For nearly a quarter century, the government has been coaxing industry to report cyber security incidents. Now it’s the law, and the Cybersecurity and Infrastructure Security Agency has the task of writing the rules and making it happen. For one industry view of how it’s going, the Federal Drive with Tom Temin spoke with the Information Technology Industry Council’s Senior Director of Policy, Courtney Lang.
Tom Temin: Ms. Lang, good to have you on.
Courtney Lang: Thanks for having me, Tom. Great to be here.
Tom Temin: And in reading your comments, I found something that I didn’t even know. And that is, you tell CISA in your comments that there are already 25 cyber incident reporting mechanisms now in the federal government. Tell us more about that one.
Courtney Lang: Yes, that’s right. Throughout the course of our comments, you know, we were exploring all of the different federal incident reporting requirements that already are in existence. And there are quite a few that entities are already subject to most of them are coming out of different sectoral agencies. But the fact remains that there are a plethora right now of these federal cyber incident reporting requirements, and one of which we’re actually still waiting on pursuant to the executive order on improving the nation’s cybersecurity and that one will levy upon federal contractors additional cyber incident reporting requirements. And so one of the things that we’re really hoping to see CISA do as it kind of further seeks to hone this rulemaking is to leverage the Cybersecurity Incident Reporting Council that was created in the law to streamline and hopefully coordinate this very disparate set of incident reporting requirements to you know, streamline as appropriate and where it can all of these different requirements that entities might be subject to.
Tom Temin: In other words, harmonize the whole thing such that if the White House wants contractors to do such and such, that should stand as what is needed for the greater reporting that all industry has to do, including federal contractors.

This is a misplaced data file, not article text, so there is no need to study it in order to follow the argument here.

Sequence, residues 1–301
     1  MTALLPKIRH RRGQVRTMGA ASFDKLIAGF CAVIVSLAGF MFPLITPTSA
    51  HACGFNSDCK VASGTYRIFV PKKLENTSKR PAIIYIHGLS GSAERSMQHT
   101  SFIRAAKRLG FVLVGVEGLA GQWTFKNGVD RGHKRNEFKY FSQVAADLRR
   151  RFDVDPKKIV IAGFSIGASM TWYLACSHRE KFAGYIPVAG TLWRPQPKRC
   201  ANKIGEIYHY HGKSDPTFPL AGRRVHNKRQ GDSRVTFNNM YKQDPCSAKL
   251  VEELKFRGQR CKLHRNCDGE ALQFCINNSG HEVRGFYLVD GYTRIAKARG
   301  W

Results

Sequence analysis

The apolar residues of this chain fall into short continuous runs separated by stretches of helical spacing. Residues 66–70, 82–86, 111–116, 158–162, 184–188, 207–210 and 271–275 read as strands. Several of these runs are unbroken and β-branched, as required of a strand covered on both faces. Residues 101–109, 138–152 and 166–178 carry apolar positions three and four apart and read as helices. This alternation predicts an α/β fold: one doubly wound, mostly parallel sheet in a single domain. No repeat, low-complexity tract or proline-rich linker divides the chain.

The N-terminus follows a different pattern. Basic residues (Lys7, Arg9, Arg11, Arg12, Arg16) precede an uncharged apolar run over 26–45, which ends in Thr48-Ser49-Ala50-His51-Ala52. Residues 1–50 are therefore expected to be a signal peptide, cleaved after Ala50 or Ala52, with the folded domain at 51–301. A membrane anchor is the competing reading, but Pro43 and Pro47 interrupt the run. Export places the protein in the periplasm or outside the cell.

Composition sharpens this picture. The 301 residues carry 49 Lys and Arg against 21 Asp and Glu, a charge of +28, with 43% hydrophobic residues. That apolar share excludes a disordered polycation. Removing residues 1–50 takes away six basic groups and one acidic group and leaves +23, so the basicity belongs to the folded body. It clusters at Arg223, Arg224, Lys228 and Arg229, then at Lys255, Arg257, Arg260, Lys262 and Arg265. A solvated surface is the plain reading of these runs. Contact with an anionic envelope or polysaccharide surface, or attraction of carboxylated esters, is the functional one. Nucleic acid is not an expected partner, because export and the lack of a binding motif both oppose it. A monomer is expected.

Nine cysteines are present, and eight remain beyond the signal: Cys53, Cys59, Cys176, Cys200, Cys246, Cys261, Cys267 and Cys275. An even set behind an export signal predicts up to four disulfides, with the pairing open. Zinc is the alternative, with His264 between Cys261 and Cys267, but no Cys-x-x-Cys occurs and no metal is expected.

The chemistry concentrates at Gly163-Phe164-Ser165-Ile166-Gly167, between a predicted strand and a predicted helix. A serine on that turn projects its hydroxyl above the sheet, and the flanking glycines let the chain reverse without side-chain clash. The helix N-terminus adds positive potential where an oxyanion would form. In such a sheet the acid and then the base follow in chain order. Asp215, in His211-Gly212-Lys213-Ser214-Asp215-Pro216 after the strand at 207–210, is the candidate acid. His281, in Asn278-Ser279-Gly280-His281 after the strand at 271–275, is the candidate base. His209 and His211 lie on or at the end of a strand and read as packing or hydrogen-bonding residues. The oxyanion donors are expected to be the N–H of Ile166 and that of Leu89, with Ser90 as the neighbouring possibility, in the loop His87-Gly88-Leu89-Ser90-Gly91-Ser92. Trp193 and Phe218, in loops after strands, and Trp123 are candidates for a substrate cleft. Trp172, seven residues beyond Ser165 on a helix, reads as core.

Courtney Lang: Right. Absolutely. Because to the extent that, again, this all depends on how covered entity is defined, but it may be the case that a covered entity pursuant to the definition that CISA develops, may also fall under these rules that the FAR Council is revising in order to have federal contractors also report on potential incidents that they have experienced.
Tom Temin: Now in the CISA rulemaking that would be reports then to CISA, because when Homeland Security itself was set up, there were 17, 18, 19, I forget the exact number of sectors, and each industrial sector had a corresponding federal agency. A lot of them were DHS, but you also had Energy and Transportation and so on. The new law then is all reporting to CISA.
Courtney Lang: Correct. Right. So the new law will theoretically again, depending on the direction that these definitions take, we’ll have these covered entities reporting covered cybersecurity incidents, to CISA. So CISA will be kind of the clearinghouse for all of these incident reports.
Tom Temin: And did you recommend well, maybe take away some of the other reporting requirements that if say, I’m an energy sector entity, and I have to report to CISA now, do I also have to report to Energy?
Courtney Lang: Yeah, I mean, we’ve certainly encouraged that CISA, you know, again, work with some of these other agencies that perhaps have preexisting requirements, to try to align them where possible. And certainly we would prefer that CISA be kind of the first and only point of contact, and then from there, CISA can disseminate you know, the appropriate information to other people within the inter agency that are relevant to the situation and that may have that very specific need to know about that incident. So, you know, if it’s pursuant to something in the energy sector, CISA would then take that information and be able to disseminate it within the interagency appropriately, but really trying to streamline the process, right, because when an incident happens, companies are rightfully focused on figuring out what happened investigating the incident and then taking steps to remediate that incident. And so to have to report to multiple different agencies, that something has happened and a certain, you know, fairly quick timeframe, even after the incident has happened, you know, adds kind of additional pressure on to the company when they should be focused on remediating the incident as opposed to only focused on kind of maintaining compliance with all of these different regulations or requirements that they have levied upon them.